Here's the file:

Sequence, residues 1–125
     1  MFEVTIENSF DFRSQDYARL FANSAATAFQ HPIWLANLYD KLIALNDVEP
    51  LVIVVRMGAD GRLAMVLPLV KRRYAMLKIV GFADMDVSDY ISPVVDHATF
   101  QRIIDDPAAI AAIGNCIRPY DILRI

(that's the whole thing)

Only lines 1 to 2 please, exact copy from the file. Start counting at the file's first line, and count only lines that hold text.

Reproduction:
Sequence, residues 1–125
     1  MFEVTIENSF DFRSQDYARL FANSAATAFQ HPIWLANLYD KLIALNDVEP